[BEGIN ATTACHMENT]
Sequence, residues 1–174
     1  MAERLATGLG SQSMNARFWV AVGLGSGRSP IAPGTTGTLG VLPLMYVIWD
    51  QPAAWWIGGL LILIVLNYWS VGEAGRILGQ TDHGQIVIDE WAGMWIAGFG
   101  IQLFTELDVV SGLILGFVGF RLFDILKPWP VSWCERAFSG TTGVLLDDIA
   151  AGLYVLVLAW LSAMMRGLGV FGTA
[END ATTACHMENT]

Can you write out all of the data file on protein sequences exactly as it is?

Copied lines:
Sequence, residues 1–174
     1  MAERLATGLG SQSMNARFWV AVGLGSGRSP IAPGTTGTLG VLPLMYVIWD
    51  QPAAWWIGGL LILIVLNYWS VGEAGRILGQ TDHGQIVIDE WAGMWIAGFG
   101  IQLFTELDVV SGLILGFVGF RLFDILKPWP VSWCERAFSG TTGVLLDDIA
   151  AGLYVLVLAW LSAMMRGLGV FGTA